Wednesday, January 26, 2011

My first parallel program : Bucketsort

Well, let's get to the point. How will we parallelize bucket sort?
What's The Scope? : Figuring out *how much* it can be parallelized?
Radix sort, as we know, is basically, doing Bucket Sort on every digit, from right to left such that least significant digit first. Broadly, can we parallelize the processing of individual digits? That is, given 4 digit integers, can we have 4 threads that independently sort four digits? No. Since, the whole idea of radix sort depends on sorting digits sequentially. That is, we must sort all numbers on least significant digits first. Then sort the resulting array on next-least-significant-digit, get the resulting array, then sort on next-least-significant-digit, and so on.
So, this part, has to be serial.

However, in the inner Bucket Sort, the numbers can be inserted into respective buckets completely independently. Great! But, there is just one problem. Say, there are a million numbers and we use the classic approach of ten buckets. Then, there are going to be numerous collisions, on any given bucket. So can we somehow get around with this?

Idea I
If we have only 10 buckets, and if there are thousands of threads, then there are bound to be a plenty of collisions. One way to avoid these collisions is to somehow increase the number of buckets. How can we increase the number of buckets?
We have 10 buckets because we examine one digit of each number. How many values a single digit can take? Ten. Hence we made 10 buckets. Now, say we examine two digits at a time. Two digits can take values ranging from 00 to 99. i.e. Hundred values. That means, hundred buckets. So, we'll make 100 buckets, and instead of examining one digit at a time, we examine two. Rest remains the same- e.g. considering rightmost ( least significant ) pair of digits in the first level, going towards leftmost end level by level etc.
So, do you get the essence of what we did? We increased buckets, by examining more digits at a time, to reduce number of collisions on any bucket. If we take this approach further, we are basically going towards pure counting sort. Remember counting sort? In counting sort, say if there are numbers not more than 6700, then we create 6700 buckets, and then every number i goes in its bucket meaning i'th bucket. It will have zero collisions when there are no/few repetitions. Zero collisions! What do you pay to get this is- lots of memory.
So, from bird's eye, we see two extremes.
One, is pure bucket sort where we examine 1 digit at a time and have 10 buckets, implying minimum memory foot-print, but high collision.
Two, is pure counting sort where we examine all d digits at a time and we have N_MAX buckets, meaning
huge memory foot-print but sub-zero collision.
Clearly, it makes us think that the best way is the middle way. Can we come up with a adaptive heuristic that tells me "dude if you examine p digits at a time, you'll get best possible balance of memory footprint & collision".

Some one has already spent some time on this!
So obviously I googled. I found this pdf which basically is a project report by Nie Weiran in 2008, which is dedicated to parallelizing radix sort. What Else Would I Want! :)
After I go through the paper which is not more than 3-4 pages, I would post the essence and of-course, my thoughts.

A word on performance measurement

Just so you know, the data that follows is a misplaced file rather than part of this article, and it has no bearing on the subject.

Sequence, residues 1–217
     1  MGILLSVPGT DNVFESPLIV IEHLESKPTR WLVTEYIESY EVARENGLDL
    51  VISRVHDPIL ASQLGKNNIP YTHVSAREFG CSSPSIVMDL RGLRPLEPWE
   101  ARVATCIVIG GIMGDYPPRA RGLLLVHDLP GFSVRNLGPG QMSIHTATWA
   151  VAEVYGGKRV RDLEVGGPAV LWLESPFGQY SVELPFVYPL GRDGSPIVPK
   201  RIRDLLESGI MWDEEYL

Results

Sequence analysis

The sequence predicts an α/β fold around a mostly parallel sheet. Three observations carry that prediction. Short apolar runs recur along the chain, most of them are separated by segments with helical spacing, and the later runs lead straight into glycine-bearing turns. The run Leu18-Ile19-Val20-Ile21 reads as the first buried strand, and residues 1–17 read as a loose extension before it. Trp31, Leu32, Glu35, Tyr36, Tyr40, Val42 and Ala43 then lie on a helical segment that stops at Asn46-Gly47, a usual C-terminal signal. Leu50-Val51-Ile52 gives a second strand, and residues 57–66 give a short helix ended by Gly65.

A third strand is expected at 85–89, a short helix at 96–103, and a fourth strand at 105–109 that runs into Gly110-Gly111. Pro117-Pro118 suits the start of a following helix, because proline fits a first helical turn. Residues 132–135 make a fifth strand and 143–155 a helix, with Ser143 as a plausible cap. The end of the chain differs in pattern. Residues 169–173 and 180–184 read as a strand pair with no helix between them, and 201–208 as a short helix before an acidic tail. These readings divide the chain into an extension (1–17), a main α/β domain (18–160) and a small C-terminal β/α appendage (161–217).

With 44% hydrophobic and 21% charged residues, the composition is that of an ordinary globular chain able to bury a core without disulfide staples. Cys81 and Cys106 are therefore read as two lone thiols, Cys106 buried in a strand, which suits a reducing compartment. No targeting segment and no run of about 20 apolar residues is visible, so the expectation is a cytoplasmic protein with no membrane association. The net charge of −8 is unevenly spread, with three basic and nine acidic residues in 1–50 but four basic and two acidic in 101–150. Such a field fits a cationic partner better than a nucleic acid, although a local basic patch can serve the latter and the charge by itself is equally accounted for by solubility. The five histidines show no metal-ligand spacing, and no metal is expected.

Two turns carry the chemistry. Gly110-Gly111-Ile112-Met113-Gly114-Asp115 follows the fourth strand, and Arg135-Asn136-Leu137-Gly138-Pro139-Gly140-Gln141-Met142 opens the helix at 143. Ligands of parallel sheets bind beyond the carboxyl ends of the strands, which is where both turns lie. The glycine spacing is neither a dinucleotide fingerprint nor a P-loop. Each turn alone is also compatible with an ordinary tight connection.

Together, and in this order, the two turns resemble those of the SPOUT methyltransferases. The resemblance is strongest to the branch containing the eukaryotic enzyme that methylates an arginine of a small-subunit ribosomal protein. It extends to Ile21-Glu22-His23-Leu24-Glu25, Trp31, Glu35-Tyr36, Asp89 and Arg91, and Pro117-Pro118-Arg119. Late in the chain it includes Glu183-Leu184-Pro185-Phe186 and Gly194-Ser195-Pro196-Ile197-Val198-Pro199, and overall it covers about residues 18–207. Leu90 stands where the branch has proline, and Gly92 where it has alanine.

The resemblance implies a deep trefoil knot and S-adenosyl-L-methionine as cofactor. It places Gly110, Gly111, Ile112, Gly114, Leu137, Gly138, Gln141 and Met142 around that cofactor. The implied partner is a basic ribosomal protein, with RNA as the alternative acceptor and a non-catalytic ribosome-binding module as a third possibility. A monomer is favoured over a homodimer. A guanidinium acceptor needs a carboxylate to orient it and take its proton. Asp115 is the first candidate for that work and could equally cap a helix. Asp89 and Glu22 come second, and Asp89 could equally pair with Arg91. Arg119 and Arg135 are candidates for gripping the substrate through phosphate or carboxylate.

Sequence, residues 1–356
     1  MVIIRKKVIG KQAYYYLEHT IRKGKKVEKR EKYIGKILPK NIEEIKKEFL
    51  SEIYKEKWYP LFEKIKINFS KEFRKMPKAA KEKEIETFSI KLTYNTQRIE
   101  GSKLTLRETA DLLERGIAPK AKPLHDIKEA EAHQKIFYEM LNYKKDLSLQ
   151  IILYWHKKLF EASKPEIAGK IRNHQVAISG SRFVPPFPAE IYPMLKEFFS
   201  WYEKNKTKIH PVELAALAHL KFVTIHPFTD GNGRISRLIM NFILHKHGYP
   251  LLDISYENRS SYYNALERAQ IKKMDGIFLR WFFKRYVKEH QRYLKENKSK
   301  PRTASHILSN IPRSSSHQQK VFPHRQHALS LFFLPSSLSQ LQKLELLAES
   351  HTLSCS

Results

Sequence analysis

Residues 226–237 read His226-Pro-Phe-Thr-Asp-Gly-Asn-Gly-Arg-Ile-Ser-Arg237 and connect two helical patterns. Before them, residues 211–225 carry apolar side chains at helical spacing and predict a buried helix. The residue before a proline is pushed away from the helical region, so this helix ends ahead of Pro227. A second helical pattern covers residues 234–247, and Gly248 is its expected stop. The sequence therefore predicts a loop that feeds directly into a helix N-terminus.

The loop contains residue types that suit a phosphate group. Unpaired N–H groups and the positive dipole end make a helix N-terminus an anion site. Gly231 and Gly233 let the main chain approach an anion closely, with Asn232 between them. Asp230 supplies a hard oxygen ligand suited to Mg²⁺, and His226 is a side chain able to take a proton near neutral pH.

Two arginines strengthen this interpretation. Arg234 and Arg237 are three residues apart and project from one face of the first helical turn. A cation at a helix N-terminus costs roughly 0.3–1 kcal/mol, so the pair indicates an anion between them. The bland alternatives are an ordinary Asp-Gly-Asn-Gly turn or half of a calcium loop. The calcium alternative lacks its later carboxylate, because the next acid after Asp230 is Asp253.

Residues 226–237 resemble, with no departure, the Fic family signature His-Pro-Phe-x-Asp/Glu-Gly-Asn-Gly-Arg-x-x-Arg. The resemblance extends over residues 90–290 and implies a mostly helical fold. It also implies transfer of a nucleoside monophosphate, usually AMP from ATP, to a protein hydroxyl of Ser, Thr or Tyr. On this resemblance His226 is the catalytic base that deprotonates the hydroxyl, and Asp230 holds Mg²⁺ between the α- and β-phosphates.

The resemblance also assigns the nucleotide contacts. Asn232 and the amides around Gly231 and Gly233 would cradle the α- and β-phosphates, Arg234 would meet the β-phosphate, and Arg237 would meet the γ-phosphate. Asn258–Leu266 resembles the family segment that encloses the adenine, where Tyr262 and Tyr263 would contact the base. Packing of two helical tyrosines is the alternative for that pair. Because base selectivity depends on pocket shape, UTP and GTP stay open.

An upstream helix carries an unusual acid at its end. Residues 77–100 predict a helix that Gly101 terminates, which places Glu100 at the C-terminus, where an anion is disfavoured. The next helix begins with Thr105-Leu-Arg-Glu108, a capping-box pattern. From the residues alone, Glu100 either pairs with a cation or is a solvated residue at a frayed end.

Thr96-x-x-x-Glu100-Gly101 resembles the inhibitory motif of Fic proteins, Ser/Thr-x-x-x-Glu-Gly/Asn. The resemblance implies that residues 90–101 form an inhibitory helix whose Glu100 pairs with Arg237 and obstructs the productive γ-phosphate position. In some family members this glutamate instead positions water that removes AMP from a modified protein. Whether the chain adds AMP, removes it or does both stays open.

I spent almost 2 hours searching and reading about the performance measurement tools for Linux multi-core environment. There were seemingly-good tools out there, important ones of which have been surveyed here.
For now, I didn't need a very hi-fi tool, I just needed to see the real-time utilization measurement of my CPU cores ( the machine I am using is Intel i5 quad-core ). For this primary purpose, I found "gnome-system-monitor" really good. My system already had it installed, may be it comes by default.

Progress  - I

Well, I found some (very very few :)) implementations of bucket sort. Two of them were OpenMP based.

A Note about the the third one
It uses a library called MCSTL. It can be downloaded from here. It's corresponding research paper can be downloaded from here. Interestingly, my version of Ubuntu, viz. 10.10 or Maverick, does not have support for MCSTL. Even if I downloaded MCSTL and copy pasted the .h files at my "include" folder ( /usr/include ), i did not work somehow. Apparently, there is no way to install MCSTL, so I had to do this ugly copy-paste. Bottom-line, it did not work. Later I found that MCSTL requires g++-4.2.2 which Maverick doesn't support, so, conclusion is, forget MCSTL.
Fortunately, I found an interesting piece of information at the STXXL library page. It says STXXL internally may use MCSTL or libstdc++ parallel mode, where the later being a successor of MCSTL. So, that's what I need. I need the libstdc++ parallel mode library. This page is a decent piece of documentation about that. Being part of Libstdc++, it has been very well documented at many places.
I got some documentation of MCSTL here.

Progress II

Finally after spending a few more hours on which parallel radix sort algorithm to implement, I have finally come to the conclusion that I am going to implement Partitioned Parallel Radix Sort. I have gone through the algorithm and started with some basic implementation. One issue might have to be faced later that the paper is meant for distributed memory architectures whereas openMP is meant for shared memory architectures.

Miscellaneous interesting Pages

1. Parallel In-Place Radix Sort Simplified
2. 32 OpenMP Traps For C++ Developers
3. Histogram Sort (To find the size of the buckets before-hand so that we wont waste space by overestimating the bucket size)
4. A better idea of histogram sorting

1 comment:

  1. The world's fastest (parallel) radiax sort:

    The paper:

    Before going through the above paper (which might be too complex) and implementation, I would recommend going through this: